Pallotta said at first he wasn’t sure exactly what Council had decided. He added that he wished the group came to a more clear consensus with a “consistent message” so that businesses could communicate that to their patrons.
“I don’t care what the decision is, as long as we’re all on the same page, and we can all deal with it,” Pallotta said.
Personally, Pallotta said, he wanted the Village to continue to require masks inside downtown shops, and his staff feels the same way. That way when a patron gets “adversarial” about being asked to wear a mask, it’s clear who enacted it.
“If the decision comes from the higher authority, it makes it easier on us to enforce it,” he said.
Don Beard, who owns Peach’s Grill, Ye Olde Trail Tavern and the Import House, also had questions after the meeting. Last weekend meant operating “under three different rules,” he said, referring to federal, state and local guidance, and many customers were confused.
After consulting with his employees, Beard said he’s making immediate changes to his mask policies. At Peach’s, masks will not be required, but “strongly encouraged,” according to new signage. At The Tavern, which Beard said often draws more families and older people, the mask requirement will remain in effect until June 2. The same will be true of the Import House, which is also moving to allow more customers in line with the rescinding of state health orders that required reduced capacities.
From Beard’s perspective, nothing will convince those who don’t want to wear a mask to do so, and some people seem to want to provoke a reaction by coming into an establishment unmasked.
“It’s like going to war,” he said. “There are people who are there to fight. They literally want you to tell them to wear a mask.”
“We’re more than a year into this and at this point if people don’t recognize the benefits of a mask, there are no words that are going to sway people one way or another,” he added.
Curliss said she wished Council had taken action to amend the orders to both give a mask respite to vaccinated citizens and those outdoors, as her legislation would have done. She is especially concerned that the outdoor mask requirement will stand over Memorial Day weekend.
“We have two weeks — including a holiday weekend — and we are asking our police department to enforce something from a health point of view has no rational basis,” she said.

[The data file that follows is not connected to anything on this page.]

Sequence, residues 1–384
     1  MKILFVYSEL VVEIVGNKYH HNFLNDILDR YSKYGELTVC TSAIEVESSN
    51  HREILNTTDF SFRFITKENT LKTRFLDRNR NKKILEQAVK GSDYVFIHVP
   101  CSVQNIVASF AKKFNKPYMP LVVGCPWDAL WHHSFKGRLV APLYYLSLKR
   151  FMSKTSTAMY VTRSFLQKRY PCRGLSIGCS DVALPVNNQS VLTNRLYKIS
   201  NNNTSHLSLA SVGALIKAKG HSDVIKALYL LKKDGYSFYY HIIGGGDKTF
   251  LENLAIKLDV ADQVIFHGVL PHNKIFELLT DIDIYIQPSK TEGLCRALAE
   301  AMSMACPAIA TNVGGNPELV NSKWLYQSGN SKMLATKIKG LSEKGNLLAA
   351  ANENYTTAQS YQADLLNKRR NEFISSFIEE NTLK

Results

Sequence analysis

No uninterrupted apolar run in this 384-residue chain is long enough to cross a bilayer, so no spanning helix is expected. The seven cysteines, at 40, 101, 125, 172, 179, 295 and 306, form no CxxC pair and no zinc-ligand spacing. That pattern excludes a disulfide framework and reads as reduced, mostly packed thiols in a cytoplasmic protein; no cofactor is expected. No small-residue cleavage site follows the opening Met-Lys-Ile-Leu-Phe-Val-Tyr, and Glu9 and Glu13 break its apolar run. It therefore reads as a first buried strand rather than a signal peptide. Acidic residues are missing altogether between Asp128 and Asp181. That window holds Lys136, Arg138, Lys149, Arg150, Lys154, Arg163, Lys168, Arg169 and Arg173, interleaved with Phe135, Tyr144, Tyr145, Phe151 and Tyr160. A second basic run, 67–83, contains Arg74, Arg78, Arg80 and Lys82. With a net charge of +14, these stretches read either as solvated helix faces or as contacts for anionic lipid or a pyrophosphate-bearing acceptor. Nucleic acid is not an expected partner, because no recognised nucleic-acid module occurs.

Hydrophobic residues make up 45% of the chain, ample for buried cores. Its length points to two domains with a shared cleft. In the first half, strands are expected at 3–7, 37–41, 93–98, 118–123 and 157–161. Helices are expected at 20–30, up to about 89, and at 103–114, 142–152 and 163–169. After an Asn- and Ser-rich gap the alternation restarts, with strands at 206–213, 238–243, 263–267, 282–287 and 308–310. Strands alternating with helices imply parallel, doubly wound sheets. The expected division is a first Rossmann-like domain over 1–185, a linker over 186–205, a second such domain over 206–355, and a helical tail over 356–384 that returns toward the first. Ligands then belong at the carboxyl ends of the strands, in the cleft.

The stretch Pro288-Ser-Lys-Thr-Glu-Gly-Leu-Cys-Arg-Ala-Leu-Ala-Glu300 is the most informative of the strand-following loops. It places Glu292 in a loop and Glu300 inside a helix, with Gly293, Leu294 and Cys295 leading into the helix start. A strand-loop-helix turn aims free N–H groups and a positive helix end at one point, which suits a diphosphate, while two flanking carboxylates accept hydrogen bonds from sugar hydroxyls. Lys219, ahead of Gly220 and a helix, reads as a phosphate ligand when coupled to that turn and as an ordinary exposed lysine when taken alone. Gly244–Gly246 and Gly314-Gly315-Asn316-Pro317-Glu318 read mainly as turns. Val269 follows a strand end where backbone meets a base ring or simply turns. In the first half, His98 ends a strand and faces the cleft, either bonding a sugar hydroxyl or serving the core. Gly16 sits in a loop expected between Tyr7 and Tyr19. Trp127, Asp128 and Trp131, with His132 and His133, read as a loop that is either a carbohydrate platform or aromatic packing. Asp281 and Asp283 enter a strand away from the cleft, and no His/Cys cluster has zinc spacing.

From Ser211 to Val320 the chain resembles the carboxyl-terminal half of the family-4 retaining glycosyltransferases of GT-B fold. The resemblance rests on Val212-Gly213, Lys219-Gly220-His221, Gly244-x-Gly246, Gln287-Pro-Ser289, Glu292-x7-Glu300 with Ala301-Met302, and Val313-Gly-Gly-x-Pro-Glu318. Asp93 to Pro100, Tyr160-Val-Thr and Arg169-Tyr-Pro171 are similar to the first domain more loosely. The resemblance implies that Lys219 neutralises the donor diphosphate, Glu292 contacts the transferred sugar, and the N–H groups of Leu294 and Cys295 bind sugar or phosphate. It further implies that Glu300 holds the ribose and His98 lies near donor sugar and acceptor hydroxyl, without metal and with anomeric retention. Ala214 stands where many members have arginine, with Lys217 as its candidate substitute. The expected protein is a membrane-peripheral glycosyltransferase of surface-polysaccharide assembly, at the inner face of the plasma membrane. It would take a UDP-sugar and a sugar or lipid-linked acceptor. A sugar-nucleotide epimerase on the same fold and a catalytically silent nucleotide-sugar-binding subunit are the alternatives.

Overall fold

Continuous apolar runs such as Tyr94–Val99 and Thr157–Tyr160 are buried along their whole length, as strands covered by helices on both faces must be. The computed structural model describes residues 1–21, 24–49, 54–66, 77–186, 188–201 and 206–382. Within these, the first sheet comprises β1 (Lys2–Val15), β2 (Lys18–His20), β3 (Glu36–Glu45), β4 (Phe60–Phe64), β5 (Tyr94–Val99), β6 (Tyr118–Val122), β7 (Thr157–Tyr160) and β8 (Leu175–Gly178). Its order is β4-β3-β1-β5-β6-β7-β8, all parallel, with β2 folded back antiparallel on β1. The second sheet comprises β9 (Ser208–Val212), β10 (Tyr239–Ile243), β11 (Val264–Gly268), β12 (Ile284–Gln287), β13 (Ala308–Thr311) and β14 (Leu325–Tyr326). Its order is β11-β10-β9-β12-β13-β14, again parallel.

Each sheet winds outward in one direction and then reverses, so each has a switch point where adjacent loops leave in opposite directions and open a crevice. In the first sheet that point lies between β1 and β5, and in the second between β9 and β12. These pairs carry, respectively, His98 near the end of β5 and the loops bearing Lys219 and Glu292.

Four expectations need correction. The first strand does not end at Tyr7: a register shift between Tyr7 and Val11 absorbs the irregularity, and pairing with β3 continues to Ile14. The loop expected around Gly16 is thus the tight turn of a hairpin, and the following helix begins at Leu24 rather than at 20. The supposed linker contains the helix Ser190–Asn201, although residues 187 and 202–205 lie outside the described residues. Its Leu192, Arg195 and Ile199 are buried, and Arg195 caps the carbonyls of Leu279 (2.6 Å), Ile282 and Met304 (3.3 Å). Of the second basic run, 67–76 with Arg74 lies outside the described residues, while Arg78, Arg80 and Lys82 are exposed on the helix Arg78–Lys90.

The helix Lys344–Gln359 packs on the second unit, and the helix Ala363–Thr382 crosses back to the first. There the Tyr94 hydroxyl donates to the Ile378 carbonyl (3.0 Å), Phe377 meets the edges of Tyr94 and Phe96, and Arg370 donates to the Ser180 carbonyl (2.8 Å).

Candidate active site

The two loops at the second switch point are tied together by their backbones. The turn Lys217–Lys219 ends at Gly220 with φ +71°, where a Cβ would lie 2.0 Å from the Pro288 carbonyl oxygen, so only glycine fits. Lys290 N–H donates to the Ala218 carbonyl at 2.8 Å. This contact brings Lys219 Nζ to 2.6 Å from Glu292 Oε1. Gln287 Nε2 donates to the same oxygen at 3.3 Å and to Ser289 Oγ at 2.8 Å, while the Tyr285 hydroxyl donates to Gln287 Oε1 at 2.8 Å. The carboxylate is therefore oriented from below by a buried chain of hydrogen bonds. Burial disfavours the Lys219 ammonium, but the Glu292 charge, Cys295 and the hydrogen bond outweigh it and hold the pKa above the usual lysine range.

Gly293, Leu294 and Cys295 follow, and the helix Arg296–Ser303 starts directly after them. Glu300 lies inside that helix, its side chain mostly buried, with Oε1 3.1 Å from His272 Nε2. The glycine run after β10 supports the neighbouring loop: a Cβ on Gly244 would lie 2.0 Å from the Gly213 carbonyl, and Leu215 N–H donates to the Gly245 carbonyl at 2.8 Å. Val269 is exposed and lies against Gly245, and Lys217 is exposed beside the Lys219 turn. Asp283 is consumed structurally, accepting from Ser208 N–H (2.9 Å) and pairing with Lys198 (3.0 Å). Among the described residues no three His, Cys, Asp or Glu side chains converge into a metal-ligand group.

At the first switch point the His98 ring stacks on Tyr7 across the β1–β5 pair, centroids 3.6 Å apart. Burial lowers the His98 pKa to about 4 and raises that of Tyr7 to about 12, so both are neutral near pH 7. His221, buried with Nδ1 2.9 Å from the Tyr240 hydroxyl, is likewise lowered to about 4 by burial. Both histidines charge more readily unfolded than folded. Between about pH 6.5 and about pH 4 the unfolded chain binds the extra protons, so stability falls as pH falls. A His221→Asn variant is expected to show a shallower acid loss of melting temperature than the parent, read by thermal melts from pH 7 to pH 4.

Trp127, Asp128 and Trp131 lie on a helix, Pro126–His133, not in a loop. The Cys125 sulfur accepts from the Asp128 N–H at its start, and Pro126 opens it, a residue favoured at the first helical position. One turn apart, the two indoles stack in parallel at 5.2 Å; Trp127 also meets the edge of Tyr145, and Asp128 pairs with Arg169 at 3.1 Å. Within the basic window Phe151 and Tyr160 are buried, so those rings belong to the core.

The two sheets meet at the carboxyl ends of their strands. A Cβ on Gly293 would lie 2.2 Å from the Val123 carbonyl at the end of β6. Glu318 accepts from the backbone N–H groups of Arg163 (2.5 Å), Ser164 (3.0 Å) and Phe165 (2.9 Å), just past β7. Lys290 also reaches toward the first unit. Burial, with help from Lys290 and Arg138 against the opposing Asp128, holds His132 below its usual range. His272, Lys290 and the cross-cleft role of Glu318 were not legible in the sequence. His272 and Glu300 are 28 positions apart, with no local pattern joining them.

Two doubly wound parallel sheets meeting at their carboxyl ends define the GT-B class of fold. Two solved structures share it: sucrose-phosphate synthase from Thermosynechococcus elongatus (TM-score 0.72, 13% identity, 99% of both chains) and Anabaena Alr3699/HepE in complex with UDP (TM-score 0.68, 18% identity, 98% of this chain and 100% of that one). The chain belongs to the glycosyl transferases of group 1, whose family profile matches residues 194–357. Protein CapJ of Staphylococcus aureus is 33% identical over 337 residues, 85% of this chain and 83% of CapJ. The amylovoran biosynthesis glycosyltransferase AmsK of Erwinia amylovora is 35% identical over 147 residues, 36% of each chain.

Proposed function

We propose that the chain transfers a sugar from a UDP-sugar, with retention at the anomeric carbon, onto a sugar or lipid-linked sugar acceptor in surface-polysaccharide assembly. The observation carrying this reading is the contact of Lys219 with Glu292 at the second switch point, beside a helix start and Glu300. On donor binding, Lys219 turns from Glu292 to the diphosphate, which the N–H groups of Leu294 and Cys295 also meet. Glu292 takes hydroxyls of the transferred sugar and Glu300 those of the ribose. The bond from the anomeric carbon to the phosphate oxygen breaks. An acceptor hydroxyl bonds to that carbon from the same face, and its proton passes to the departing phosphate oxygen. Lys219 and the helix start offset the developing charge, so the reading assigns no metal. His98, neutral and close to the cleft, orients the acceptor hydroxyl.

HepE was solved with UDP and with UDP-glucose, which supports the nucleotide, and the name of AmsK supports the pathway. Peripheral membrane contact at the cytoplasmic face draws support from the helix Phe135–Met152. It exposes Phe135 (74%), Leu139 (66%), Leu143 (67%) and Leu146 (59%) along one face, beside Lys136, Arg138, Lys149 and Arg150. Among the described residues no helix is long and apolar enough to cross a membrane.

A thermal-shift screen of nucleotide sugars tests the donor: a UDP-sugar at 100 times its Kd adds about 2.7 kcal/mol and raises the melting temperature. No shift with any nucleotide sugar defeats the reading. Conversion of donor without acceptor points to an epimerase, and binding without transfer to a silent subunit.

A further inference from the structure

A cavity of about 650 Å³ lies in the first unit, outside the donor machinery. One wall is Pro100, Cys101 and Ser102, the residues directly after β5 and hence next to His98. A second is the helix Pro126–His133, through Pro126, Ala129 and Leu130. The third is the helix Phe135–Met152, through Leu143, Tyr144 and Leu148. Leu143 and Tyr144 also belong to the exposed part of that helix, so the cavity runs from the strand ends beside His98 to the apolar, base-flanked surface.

As for indoor masking, Curliss said she still wants to poll downtown businesses, but she believes some may want the Village to back them up with a downtown mandate. But when it comes to requiring those who are vaccinated to wear masks, the law might not stand up to scrutiny.
“I think they want the Village’s support. I think they want the Village to require masks indoors,” she said. “Then, the question is, do we have a rational basis for requiring vaccinated individuals to wear a mask indoors?”
In explaining his decision not to add Curliss’ legislation to the agenda, Housh said he would have preferred the legislation had been publicised with a public notice first, which was not possible because of the short timeframe. Housh added that what he heard from local business owners is that they want to make their own decision about whether to require masks.
“I think they should be able to make their decision,” Housh said. “At least for me, I didn’t feel that we needed to hold on to the indoor or the outdoor requirement.”
“Ultimately, we decided to let the ordinance expire,” he said.
With Ohio’s state of emergency ending June 2, Yellow Springs’ state of emergency also comes to an end, and with it several laws passed for its duration.
For instance, restrictions on downtown busking and street vendors will also be lifted June 2. Buskers and street vendors have been required to wear masks and social distance on local sidewalks and other public areas in a separate ordinance passed on July 8, 2020.
In addition, remote Council meetings, which are predicated on Ohio’s state of emergency according to a March 12, 2020, Village resolution, won’t be able to continue past the June 2 date, Village Council Clerk Judy Kintner later confirmed. Instead, Council and other public bodies must meet in person to comply with Ohio’s open meeting laws.
Council members briefly discussed the return to in-person or hybrid meetings, but did not come to any firm conclusions. They also seemed unclear that it may be required by law.
One proposal for Council’s next regular meeting on June 7 is to allow Council members only in Council Chambers, with the public to participate via Zoom and from Rooms A&B. However, that may not be legally permissible, unless additional legislation is passed in the interim, Kintner noted.
Council member Kreeger pointed out the conundrum Council faces with regard to enforcing a mask policy at Council meetings for those who have not been vaccinated, saying that the Village “must not ask” someone whether or not they are vaccinated, as it would violate medical privacy laws.
Council member Stokes said he preferred staying remote for that reason.
“I don’t want to be in a room unless I have some assurance that everyone else has been vaccinated,” he said.
Whether masks will be required in public facilities past the June 2 date was not discussed at Council’s meeting. Village Manager Josué Salmerón said in a later interview that the pool, which opens on May 29, will operate as it did before the pandemic, with no outdoor masks or social distancing required, although masks will be required in the pool’s changing rooms. Rules for the Bryan Center and the train station have not yet been set, but Salmerón said he is leaning toward requiring masks indoors for those who are unvaccinated, with an honor system for compliance.
Another issue broached was that of outdoor seating for restaurants on downtown sidewalks. Village officials suggested that would be permissible, although the Village may consider limits if the seating impedes foot traffic downtown.